NJIT's Student Newspaper

The Vector

NJIT's Student Newspaper

The Vector

NJIT's Student Newspaper

The Vector

Surviving zombies… and players.


Survival horror has departed from its original roots of Silent Hill, Resident Evil, and Fatal Frame. With new games such as Day Z, 7 Days to Die, and Rust taking the mantle and expanding upon the world, players are now fighting with a new enemy: each other.

The newer installments into the series, primarily created by independent game developers, have forged a path into new terrains. Although ZombiU and the Walking Dead have made their impact in mainstream markets, the genre has been shaping and improving upon itself with each new iteration and addition. However, the multiplayer aspect has added a new consideration for developers to tackle in the form of human survival instinct versus moral values.

Although Amnesia and Outlast may fall upon this list, they lend themselves to a solitary single player experience similar to the games of old. The linear storyline and preset events tell a crafted story that mitigates when and where scares will occur through scripted events, and lead players on an adventure into the darkness.

Games, such as Anna and Huntsman: The Orphanage, have taken another approach with the genre by challenging the human mind and creating a new subgenre that I call exploratory horror. These games take into account human interaction and response to craft the game around player movements and decisions.

The genre itself is moving forward rapidly and has grown immensely in recent years. However, the biggest threat to this genre so far is the direction that the interaction between players has been moving towards. More games have been utilizing an MMO experience to help add character and life, but have not taken into account the unwelcoming attitude of the communities that currently resides in them.

Players are usually inundated with a fear of being killed more by other players than the monsters that plague the game and the unforgiving nature of advanced players lend way to a different approach when starting a new game. Morality becomes an issue as whether to help or assault other players in order to survive.

This has corrupted many experiences and changed the dynamic of interaction with other players to a point that the mantra “kill or be killed” is a common thought. This regression to animalistic behaviors carries a degrading ideology and working together becomes possible only in necessity, which most games of this genre have failed to provide.

Games such as Dead Island, which focuses on smaller groups of players coming together, have created gameplay that focuses on progress and teamwork, but newer games in the genre fails to incorporate this. The success of Dead Island lends itself to a common goal that bridges players together and is a point that newer games need to incorporate.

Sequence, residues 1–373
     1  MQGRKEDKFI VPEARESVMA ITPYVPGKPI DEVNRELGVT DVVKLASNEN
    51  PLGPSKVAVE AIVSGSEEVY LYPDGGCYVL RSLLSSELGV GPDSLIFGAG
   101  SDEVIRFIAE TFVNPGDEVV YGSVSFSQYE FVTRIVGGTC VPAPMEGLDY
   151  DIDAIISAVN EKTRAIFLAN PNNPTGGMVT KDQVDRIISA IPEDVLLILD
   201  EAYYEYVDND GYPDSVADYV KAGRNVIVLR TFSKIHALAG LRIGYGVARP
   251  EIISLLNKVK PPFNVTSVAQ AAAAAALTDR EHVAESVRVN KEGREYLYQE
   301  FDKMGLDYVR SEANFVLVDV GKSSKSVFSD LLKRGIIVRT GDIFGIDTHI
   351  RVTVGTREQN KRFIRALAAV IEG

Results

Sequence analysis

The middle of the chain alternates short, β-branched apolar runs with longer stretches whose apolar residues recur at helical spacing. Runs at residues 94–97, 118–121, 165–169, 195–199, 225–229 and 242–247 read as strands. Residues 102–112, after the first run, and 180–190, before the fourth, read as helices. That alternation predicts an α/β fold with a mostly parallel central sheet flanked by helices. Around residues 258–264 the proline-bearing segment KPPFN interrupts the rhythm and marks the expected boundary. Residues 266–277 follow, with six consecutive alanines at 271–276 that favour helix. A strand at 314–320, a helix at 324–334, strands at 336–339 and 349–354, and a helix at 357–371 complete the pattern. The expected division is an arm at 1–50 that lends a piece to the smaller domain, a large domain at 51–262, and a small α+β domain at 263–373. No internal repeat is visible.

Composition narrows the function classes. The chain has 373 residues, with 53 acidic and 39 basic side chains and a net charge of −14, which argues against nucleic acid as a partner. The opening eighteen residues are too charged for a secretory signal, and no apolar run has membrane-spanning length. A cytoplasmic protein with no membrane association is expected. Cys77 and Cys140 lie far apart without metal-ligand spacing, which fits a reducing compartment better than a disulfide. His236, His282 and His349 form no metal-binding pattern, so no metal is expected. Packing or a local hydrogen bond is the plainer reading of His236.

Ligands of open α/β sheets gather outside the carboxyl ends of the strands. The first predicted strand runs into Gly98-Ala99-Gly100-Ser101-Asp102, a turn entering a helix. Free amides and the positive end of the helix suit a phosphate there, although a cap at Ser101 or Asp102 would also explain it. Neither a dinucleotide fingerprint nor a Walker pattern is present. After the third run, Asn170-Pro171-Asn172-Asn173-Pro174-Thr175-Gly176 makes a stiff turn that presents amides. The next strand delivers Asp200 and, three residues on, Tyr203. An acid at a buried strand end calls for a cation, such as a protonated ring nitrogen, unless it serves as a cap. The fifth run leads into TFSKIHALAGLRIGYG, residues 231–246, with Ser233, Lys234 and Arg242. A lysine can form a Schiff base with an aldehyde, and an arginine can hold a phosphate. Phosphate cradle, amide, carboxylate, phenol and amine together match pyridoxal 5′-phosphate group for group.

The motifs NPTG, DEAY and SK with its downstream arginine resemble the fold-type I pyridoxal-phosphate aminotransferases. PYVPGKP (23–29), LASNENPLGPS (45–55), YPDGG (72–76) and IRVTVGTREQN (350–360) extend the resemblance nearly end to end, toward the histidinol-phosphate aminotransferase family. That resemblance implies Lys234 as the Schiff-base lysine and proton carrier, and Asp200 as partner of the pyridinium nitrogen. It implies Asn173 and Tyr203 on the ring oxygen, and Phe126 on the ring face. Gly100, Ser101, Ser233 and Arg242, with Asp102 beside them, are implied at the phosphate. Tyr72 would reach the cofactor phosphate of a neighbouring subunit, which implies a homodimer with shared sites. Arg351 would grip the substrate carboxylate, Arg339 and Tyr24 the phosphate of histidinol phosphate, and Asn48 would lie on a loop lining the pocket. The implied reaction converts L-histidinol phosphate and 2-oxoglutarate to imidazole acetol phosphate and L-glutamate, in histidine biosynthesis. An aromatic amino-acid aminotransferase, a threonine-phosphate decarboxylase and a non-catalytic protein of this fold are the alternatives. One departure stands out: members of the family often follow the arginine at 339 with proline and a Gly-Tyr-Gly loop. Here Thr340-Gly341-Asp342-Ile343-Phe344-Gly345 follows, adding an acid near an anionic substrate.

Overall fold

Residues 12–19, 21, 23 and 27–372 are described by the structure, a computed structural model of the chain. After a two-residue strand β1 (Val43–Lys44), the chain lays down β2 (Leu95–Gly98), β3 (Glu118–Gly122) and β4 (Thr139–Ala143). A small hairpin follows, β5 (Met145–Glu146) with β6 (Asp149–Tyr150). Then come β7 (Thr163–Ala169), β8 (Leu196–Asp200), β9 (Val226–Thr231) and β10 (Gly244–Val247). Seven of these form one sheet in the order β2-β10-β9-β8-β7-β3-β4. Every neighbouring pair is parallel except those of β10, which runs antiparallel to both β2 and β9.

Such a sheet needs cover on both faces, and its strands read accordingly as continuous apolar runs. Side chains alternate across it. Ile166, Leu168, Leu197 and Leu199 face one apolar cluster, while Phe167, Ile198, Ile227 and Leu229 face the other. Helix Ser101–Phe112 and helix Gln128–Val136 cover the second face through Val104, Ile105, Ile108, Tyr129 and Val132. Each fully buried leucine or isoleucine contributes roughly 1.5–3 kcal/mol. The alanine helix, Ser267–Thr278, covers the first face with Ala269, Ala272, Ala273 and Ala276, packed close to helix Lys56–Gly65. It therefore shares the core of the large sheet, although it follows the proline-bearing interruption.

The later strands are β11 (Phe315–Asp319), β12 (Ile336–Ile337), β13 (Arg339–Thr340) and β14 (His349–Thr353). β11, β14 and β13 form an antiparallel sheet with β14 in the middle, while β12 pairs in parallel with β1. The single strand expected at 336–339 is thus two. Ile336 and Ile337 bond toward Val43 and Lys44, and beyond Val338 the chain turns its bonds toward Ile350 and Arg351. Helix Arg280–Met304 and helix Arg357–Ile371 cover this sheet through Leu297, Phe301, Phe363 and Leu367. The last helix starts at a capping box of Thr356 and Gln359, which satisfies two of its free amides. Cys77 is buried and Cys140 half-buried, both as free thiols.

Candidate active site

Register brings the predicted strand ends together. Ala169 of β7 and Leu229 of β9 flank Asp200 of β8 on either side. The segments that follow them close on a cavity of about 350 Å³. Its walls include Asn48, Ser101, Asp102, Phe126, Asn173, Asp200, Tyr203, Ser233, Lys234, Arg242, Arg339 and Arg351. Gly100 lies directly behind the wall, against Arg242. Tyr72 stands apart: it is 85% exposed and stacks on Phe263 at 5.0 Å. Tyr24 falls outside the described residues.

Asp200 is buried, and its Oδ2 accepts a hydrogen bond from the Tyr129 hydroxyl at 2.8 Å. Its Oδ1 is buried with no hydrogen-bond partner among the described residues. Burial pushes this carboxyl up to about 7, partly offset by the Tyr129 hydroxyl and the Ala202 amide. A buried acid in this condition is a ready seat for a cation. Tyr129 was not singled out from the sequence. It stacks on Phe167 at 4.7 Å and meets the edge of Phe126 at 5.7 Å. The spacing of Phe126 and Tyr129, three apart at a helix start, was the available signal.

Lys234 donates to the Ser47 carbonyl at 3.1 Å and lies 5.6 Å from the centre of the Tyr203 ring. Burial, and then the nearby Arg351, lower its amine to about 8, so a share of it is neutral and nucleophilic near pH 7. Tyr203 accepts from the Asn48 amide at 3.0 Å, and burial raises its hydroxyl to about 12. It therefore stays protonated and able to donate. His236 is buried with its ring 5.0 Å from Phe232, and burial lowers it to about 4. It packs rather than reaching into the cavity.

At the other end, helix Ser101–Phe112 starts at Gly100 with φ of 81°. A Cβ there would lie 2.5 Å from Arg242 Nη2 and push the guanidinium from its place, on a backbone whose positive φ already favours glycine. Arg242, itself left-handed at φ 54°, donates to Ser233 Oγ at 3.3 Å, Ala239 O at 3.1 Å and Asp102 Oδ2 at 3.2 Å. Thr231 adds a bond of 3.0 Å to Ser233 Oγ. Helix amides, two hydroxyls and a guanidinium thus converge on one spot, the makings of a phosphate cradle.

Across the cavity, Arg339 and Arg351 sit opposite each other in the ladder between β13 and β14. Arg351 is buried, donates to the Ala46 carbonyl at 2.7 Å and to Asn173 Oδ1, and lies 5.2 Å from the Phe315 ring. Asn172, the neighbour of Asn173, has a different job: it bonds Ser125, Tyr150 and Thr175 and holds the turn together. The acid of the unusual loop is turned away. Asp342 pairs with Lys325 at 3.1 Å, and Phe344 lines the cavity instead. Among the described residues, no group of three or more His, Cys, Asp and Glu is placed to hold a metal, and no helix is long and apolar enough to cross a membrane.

Although single player adventure games share their story, the longevity of the games die within a few hours as most are relatively short or become repetitive easily. This leaves developers with one option of creating expansive worlds that base itself off realism and practicality. Each one slightly differs due to gameplay styles or graphics, but still retains the base ideology of surviving.

Most games have now started expanding upon skill systems and interactivity, but many have been haphazardly made and lose their aura of fear after a few hours of play. Essentially the survival horror is lost as the same iterations of concepts are repeated. Yet, new games such as Dying Light and Fort Night are still bringing hope to the genre.

Developers now need to focus on creating a game that shares the mood and emotions but provides a welcoming atmosphere for new members that is based on survival and teamwork. And though these changes will come with time as the communities grow and developers design games based off of survival, the current genre is in a debacle that has fostered negative attitude and beliefs.

Morally, it is my hope that the games are not a forewarning of days to come, but the impulsive human nature of players have added a new difficulty to games that were meant to focus on the horrors and the stories they tell, not the other players around them. Developers will need to create a purpose for each player and foster a community that supports rather than hinders the story they are trying to tell.

Romer Jed Medina

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